While hinges in general have long been known, my hinges 25 and 27 embody certain novel features, central to the invention, which will now be described in detail, referring to FIG. 3.

Hinge 25 includes an upward ridge 32, extending centrally along the edge of cover section 23 which apposes cover section 24, and a pair of upward ridges 33 and 34, extending along the edge of cover section 24 which apposes cover section 23, and spaced to receive ridge 32 therebetween. Hinge 27 includes an upward ridge 35 extending centrally along the edge of cover section 23 which apposes cover section 26, and a pair of upward ridges 36 and 37 extending along the edge of cover section 26 which apposes cover section 23, and spaced to receive ridge 35.

Referring to hinge 27 and FIG. 4, a pair of sleeves 40, 41 are molded coaxially into ridges 36 and 37 of cover section 26, and a sleeve 42 is molded into ridge 35 of cover section 23. When the cover sections are assembled, a tubular pintle 43 is passed through sleeves 40, 41 and 42, to provide a pivotal connection between the cover sections, and is secured in place by end plugs 44, 45.

The structure of hinge 25 is very similar to that just described. As shown in FIGS. 3 and 5, a tubular pintle 46 passes through a sleeve 47 molded into ridge 32 and also through a sleeve 48 molded into ridge 33 and a coaxial sleeve 49 molded into ridge 34, and is secured in place by end plugs 50 and 51.

In a practical embodiment, cover 22 may be five feet in diameter. During inclement weather, a considerable quantity of rain falls on the cover and gathers between ribs 31. To prevent this water from flowing into the container through the necessary clearance spaces between the relatively pivoted cover sections, end dams 52 and center dams 53 are provided, which function as will now be described, referring also to FIG. 6.

A dam 52 extends along the edge of cover section 23 apposed to ridge 33 of cover section 24, and is connected to ridge 32 by lateral extensions 54. A similar arrangement exists at the other end of ridge 32, so that water falling on the cover is contained between ridge 31 on one side and dams 52, extensions 54 and ridge 32 on the other side, and must flow off the ends of the cover rather than into the container. Likewise a dam 53 extends along the edge of cover section 24 apposed to ridge 32 of cover section 23, and is connected to ridge 33 by a lateral extension 55 and to ridge 34 by a lateral extension 56, so that water falling on the cover is contained between ribs 31 on one side and dam 53, extensions 55 and 56, and ridges 33 and 34 on the other side, and must likewise flow off the ends of the cover. Hinge 25 is thus protected against water seepage.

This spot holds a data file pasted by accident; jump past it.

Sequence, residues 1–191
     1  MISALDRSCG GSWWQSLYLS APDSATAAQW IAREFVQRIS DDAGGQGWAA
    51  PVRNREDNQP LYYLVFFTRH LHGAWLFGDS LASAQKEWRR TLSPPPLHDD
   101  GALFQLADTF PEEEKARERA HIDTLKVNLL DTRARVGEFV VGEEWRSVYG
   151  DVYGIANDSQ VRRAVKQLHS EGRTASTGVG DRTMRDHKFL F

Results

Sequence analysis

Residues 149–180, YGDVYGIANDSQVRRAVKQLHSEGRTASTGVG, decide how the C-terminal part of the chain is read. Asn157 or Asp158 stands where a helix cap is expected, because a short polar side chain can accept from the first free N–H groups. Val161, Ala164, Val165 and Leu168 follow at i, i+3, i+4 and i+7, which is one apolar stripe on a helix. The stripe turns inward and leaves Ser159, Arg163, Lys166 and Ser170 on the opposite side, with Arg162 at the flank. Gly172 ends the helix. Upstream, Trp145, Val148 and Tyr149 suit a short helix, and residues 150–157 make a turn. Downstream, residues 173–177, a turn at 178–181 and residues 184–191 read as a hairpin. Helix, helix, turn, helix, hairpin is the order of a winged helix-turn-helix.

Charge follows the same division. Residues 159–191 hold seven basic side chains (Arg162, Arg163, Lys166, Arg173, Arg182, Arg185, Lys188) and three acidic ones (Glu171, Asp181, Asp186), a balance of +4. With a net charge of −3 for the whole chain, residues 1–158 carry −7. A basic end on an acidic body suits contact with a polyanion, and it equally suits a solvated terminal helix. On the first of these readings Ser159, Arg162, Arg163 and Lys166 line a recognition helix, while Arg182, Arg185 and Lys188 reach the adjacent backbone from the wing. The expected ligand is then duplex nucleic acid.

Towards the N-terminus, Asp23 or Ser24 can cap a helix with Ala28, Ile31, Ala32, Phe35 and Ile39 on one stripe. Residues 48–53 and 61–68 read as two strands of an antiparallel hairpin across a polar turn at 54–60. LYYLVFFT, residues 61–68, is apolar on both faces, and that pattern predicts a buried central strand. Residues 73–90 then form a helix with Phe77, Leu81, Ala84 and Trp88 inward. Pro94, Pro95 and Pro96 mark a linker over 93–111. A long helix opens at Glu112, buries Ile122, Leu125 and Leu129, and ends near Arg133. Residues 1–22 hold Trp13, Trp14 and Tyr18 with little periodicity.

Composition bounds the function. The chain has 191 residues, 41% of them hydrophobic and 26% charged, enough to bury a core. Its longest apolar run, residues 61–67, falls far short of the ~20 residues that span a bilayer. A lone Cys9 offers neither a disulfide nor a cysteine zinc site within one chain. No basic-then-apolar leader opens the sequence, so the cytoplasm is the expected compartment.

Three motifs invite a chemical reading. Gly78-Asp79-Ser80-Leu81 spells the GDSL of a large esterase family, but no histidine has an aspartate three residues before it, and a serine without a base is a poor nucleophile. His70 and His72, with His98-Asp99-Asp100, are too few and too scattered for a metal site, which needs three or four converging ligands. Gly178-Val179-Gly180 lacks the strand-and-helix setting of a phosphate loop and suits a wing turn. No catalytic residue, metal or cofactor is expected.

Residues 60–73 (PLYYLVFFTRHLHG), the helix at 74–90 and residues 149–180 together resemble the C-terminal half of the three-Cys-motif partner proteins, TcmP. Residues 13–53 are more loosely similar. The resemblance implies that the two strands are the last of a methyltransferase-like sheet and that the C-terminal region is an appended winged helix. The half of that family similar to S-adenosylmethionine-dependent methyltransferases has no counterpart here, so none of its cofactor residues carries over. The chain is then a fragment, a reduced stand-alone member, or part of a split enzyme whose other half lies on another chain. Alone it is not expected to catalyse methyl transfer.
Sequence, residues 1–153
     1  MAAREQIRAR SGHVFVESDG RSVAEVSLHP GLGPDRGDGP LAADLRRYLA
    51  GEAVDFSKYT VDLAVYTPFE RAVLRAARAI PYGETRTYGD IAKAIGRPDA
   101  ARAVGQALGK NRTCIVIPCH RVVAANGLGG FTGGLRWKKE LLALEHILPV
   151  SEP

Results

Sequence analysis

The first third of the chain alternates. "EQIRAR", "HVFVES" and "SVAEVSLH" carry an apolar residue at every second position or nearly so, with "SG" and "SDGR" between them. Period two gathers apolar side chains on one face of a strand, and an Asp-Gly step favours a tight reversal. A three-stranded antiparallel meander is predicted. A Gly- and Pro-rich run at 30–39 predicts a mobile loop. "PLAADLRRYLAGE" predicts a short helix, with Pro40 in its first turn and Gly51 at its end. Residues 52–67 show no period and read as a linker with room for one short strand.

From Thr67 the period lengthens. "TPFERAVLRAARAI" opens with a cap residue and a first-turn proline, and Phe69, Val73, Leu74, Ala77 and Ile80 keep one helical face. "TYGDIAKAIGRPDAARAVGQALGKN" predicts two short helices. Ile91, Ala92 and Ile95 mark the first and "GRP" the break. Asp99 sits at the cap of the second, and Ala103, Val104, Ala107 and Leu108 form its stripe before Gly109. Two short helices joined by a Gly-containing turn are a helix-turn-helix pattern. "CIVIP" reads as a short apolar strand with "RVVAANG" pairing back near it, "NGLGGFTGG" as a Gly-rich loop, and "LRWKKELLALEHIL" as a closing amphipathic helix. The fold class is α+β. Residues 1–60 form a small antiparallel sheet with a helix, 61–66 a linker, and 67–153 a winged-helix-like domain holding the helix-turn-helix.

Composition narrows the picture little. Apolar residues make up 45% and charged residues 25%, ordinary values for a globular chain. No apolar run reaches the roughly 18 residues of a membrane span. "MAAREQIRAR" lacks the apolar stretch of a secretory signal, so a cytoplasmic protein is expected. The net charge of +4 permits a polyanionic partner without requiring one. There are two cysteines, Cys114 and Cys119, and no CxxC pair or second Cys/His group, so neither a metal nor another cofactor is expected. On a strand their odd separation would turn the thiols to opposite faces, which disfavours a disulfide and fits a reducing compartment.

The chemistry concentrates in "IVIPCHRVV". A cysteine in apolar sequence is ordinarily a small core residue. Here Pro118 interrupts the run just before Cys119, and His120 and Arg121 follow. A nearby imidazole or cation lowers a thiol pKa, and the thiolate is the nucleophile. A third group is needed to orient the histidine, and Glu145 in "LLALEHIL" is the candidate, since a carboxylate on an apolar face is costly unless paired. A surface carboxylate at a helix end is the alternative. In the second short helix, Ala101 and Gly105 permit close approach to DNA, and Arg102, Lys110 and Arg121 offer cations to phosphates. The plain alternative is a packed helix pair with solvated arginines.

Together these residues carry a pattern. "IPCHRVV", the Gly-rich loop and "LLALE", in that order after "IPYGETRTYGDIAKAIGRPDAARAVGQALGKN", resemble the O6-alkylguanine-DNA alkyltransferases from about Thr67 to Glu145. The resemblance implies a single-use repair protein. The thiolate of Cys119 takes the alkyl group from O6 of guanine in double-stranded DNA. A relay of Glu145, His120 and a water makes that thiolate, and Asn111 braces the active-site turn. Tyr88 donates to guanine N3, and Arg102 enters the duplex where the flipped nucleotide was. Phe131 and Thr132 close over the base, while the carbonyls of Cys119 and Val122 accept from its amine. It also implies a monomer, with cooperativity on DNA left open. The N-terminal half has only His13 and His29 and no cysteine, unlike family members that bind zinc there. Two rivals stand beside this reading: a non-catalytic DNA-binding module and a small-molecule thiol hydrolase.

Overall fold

The same protection against water seepage is provided at hinge 27 by similar dams and extensions associated with ridges 35, 36 and 37.

The unsupported length of the edge of cover section 24 between ridges 33 and 34 is considerable, and conduces to sag of the material in use to the point where reinforcement is desirable. To accomplish this, a reinforcing strip 57 is molded unitarily with ridge 32 of cover section 23, to extend under cover section 24 and support its edge beneath dam 53. A similar strip 60 is molded unitarily with ridge 35 of cover section 23, to extend under cover section 26 and supports its edge beneath dam 53. This arrangement materially facilitates the closing of the cover after it has been opened.

A significant portion of the invention herein resides in the new method and apparatus I have devised for producing these improved receptacle covers by a single plastic injection into a large two element mold. One element 100 of the mold is shown in elevation in FIG. 7 and a second, less intricate element 101 of the mold is shown to a smaller scale in FIG. 8. FIG. 9 shows how the two mold elements are closed for injection of the plastic, and is a central section generally along the line indicated at 9--9 in FIG. 7.

Element 100 comprises a solid slab of aluminum containing three cavities 102, 103, and 104, for forming cover sections 24, 23, and 26, respectively. Cavities 102 and 103 are separated by a partition 105, and cavities 103 and 104 are separated by a partition 106. The cavities are for the most part of a first depth d1 beneath a peripheral ledge 107 of variable width, with which partitions 105 and 106 are coplanar, d1 being the intended thickness of the cover sections as a whole, but are crossed by grooves 110 of further depth d2, which is the intended height of ribs 31. Cavity 102 also has grooves 111 and 112 to form ridges 33 and 34, respectively, of cover sections 24, and a further groove 113 shaped to form dam 33 and extensions 55 and 56 of cover section 102. Cavity 103 also has grooves 114 and 115 for forming ridges 32 and 35, and further grooves 116 to form dams 52 and extensions 54. Cavity 104 also has grooves 117 and 120 to form ridges 37 and 36, respectively, and a further groove 121 to form dam 53 and extensions 55 and 56.

Each of grooves 111, 112, 114, 115, 117, and 120 has a central pedestal 122 for a purpose presently to be explained, and is associated with centering means including a linear actuator and a convex contacting member for holding a pintle sleeve during molding.

To this end ledge 107 of mold element 100 is machined away at four locations to receive hydraulic actuators 123, 124, 125 and 126, partition 105 is machined to receive actuators 127, 130, 131 and 132, and partition 106 is machined to receive actuators 133, 134, 135 and 136. These are all linear, double-acting hydraulic motors. Actuators 123 and 127 are positioned to act colinearly, and the same is true for actuators 130, 131, 133, 125 and 136 with relation to actuators 124, 132, 134, 135, and 126, all respectively. Hydraulic connections to the actuators as suggested at 137, 140, 141 and 142, and are shown in more detail in FIG. 11.